To be sure that you are signing into a genuine eBay Web site, look at the Address/Location area of your browser. At an eBay.com sign-in or log-in page, the URL (link) that appears in the Address/Location area of your browser will begin with "http://cgi.ebay.com/" or "http://scgi.ebay.com". Please pay close attention to all characters in the address, including the forward slash (/) that follows "ebay.com". Even if the Address/Location includes the word "ebay", it may not be a genuine eBay Web site. If you receive or suspect you have received such an email, do not respond to it or click the links. Immediately send a copy of it to spam@ebay.com.

      If you have any doubt as to whether or not the website you are on is an official eBay web page, please visit our Account Security page for more complete information on the URLs used on eBay web pages.

      For more information on how to protect your eBay password and your account, click here [ebay.com].

      Regards,
      eBay

  • Spam (Score:2, Offtopic)

    by ottffssent ( 18387 )
    Hm. That domain isn't on the whitelist for the email address I give out to likely-to-deluge-me-with-spam outfits. Such as ebay. So maybe I got it. Maybe not.

    I keep hearing about the "death of email" because of spam. It's really not hard. Pay for a respectable email address and don't give it to *anyone*. Create forwarding addresses that you give out. Apply whitelists to the address(es) you use for commerce. Apply blacklists (or actual spam filters) to the addresses you use for friends, family, etc. Every few weeks I go through the ~1000 emails that got filtered out on the odd chance they're not spam, and delete them. It doesn't take an hour a day - it takes more like an hour a month.
    • >>Hm. That domain isn't on the whitelist for the email address I give out to likely-to-deluge-me-with-spam outfits. Such as ebay. So maybe I got it. Maybe not

      Do what I did. I have my own domain with a respectable e-mail server that automatically blackholes any updates from several of the good Blackhole Sites.

      Computer Redneck
      Did you think a Redneck could support a website? Sure you just need the right number of cement blocks.

  • by raehl ( 609729 ) <raehl311@@@yahoo...com> on Friday December 13, 2002 @04:53AM (#4879048) Homepage
    Citing intellectual property violations, Amazon.com quickly filed a lawsuit in reaction to ebayupdate.com's new website.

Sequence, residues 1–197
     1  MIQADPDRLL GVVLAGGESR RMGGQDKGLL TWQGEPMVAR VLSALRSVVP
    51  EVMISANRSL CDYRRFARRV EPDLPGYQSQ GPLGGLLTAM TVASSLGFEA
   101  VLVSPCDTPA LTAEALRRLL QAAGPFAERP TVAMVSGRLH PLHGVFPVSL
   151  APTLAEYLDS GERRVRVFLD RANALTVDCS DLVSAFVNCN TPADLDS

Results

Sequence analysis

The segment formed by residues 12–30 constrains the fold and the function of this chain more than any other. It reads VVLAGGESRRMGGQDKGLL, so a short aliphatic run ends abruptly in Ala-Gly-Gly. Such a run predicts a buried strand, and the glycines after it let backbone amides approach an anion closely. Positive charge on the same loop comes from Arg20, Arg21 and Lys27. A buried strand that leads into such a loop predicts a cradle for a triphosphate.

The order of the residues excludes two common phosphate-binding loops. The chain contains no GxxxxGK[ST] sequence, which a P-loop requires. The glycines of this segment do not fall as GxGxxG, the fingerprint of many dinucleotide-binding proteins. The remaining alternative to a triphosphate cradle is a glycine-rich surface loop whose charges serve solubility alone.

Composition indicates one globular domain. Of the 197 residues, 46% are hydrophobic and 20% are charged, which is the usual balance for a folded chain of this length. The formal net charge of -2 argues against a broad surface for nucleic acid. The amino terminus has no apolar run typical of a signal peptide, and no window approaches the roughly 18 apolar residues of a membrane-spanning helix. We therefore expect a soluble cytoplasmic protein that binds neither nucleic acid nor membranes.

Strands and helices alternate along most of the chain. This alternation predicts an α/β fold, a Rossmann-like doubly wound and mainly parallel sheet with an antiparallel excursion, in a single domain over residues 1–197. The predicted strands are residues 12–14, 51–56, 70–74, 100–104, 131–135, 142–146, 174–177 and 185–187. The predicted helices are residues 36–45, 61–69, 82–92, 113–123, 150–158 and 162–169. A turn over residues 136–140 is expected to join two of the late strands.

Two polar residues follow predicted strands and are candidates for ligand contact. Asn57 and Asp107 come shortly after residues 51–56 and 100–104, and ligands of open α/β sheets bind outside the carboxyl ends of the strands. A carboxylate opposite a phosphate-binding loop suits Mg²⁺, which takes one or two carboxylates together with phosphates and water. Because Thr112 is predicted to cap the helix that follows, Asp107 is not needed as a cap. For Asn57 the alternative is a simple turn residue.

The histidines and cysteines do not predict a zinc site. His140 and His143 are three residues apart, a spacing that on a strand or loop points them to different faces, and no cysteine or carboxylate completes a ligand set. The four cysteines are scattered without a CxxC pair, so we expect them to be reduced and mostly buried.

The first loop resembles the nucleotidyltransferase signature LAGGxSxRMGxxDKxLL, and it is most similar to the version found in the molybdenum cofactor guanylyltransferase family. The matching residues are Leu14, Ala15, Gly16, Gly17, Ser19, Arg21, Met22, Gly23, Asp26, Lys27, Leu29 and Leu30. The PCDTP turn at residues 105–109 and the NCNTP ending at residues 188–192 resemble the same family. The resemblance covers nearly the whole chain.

"The one-click credit card number stealing algorithm employed by ebayupdates.com is a clear violation of amazon.com's one click transaction patent," said amazon.com CEO Jeff Bezos in a statement. "Let this be a message to other sites like ebayupdates.com: Amazon.com will not tolerate one-click theft."

    When reached for comment, an amazon.com spokeswoman clarified that amazon.com would not take action against a process that used at least two mouse clicks.
  • by solostring ( 620535 ) on Friday December 13, 2002 @05:10AM (#4879120) Homepage
    If you check out the safeharbour forums on Ebay, this is not a rare occurance. There are many scam sites and spam emails which try to socially engineer credit card info and passwords from Ebay users.

    I really don't know why this particular instance was picked up by the big news corporations....
    • Probably for the same reason that a few months ago there was nothing in the news but incidents of child abductions. There's thousands of kids abducted a year but suddenly it was a hot issue.

      Consider this: It's X-mas time. People are shopping more, online and off. Hey lets do a PSA and boost our ratings.
      The news agency could probably care less, they are just using time and circumstance to thier benefit.
  • Here is the archived ebay response:

    There may have been something else more specific on the main page, but this page is all that seems to be left.

  • I remember back in the days when AOL didn't have unlimited accounts people would phish for credit cards.

    Telling someone that service X has lost their credit card information probably has the same hit rate of any other spam, 1-2%. It doesn't take much to make a lot of money off of stupid people.

    That theory worked years ago, and it still works today. The way I see it, 1 of 2 things needs to happen for this to stop.

    1) Greedy people have to develop some ethics

    or

    2) People have to become less stupid

    Experts predict that either one could happen around, oh, never.